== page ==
http://www.canadianwhisky.org/news-views/whistlepig-10-year-old-straight-100-rye-whiskey.html

Most people do seem to think WhistlePig is the flavor whiskey from Alberta, but I don't know that I've ever heard anything definitive.

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callmeox

While the distillate may be created in Canada, is it a Canadian Whisky in style? By this, I mean a combination of a straight with spirit whisky and up to nine point whatever percent other stuff.

My interpretation from those who have sampled it is that the "style" says American Straight not Canadian. Perhaps this is why people here use he weasel words when referring to it.

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OscarV
While the distillate may be created in Canada, is it a Canadian Whisky? By this, I mean a combination of a straight with spirit whisky and up to nine point whatever percent other stuff.

My interpretation from those who have sampled it is that the "style" says American Straight not Canadian. Perhaps this is why people here use he weasel words when referring to it.

Whistle Pig is 100% Rye whiskey at 10 years old.

The Canadian distillery that Dave bought it from had it to color and flavor GNS to make Canadian Whiskey.

It got to be 10 years old because Canadian whiskey is slowing down in sales. On that note there are some "premium" Canadians coming out.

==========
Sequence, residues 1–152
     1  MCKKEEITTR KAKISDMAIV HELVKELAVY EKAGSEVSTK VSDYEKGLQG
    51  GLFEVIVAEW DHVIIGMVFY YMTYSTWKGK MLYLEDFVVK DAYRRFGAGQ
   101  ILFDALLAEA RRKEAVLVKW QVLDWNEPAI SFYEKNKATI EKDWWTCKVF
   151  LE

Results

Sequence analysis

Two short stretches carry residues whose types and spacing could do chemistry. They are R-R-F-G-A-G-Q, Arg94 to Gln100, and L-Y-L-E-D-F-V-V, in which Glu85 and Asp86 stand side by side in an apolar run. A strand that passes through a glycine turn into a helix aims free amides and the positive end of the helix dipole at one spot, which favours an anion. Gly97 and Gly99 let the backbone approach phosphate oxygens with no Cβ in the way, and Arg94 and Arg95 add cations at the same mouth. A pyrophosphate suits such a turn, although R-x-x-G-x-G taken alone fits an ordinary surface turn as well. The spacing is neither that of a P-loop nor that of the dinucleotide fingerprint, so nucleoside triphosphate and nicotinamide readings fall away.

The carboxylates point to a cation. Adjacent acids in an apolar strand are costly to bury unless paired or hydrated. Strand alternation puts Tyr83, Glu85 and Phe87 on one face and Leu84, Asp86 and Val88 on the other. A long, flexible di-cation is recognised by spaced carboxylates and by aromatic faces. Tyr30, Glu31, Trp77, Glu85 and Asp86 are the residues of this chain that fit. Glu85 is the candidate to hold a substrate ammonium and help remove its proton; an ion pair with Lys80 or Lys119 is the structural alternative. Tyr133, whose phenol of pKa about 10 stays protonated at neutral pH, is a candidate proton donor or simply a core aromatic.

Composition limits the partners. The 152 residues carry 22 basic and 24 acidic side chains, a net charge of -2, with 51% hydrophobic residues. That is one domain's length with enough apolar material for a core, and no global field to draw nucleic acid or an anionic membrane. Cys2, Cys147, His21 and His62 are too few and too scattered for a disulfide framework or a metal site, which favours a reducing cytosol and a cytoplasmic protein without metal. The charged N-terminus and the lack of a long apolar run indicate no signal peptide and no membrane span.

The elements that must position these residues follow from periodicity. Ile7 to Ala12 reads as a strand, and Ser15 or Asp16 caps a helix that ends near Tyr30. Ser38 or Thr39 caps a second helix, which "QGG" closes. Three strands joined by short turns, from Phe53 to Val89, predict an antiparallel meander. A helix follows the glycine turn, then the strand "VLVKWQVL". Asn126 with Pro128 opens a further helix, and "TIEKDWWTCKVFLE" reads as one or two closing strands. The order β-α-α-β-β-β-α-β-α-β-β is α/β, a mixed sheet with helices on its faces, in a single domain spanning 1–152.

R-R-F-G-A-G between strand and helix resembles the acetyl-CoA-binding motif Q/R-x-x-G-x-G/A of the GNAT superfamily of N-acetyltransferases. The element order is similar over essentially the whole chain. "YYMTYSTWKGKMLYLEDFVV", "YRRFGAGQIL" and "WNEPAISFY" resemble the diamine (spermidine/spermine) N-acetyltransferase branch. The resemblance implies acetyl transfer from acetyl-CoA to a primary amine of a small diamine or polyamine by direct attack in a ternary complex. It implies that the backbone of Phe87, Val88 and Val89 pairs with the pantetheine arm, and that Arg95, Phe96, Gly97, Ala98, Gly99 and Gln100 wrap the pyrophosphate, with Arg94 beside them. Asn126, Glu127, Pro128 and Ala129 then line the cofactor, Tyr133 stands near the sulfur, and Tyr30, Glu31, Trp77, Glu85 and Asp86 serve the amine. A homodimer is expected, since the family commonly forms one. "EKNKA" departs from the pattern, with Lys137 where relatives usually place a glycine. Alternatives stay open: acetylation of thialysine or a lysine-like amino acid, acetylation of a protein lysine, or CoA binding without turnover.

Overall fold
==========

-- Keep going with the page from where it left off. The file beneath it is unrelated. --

Also he can't say who he bought it from, just like here when someone buys bulk bourbon and creates a label they have agreeded not to reveal the source.

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imbibehour

Canadian whisk(e)y in general has a very bad moniker in the US among whiskey fans, with many people refering to it as "brown vodka".

People who do their research can find the stuff worth talking about.

As a dual citizen born and raised in Canada, myself and nobody I ever grew up with drank whiskey, not even my parents or their friends, everyone drank beer. Whiskey was for really old farts (and I mean OLD)...

That's changing, all be it slowly.

Whistlepig's naming and labeling is probably one part accuracy but also one part marketing.

What I do know, is that provincial liquor laws in Canada will make it near impossible for Canadians to get this product without paying a stupid amount of money, and that's a shame.

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Parkersback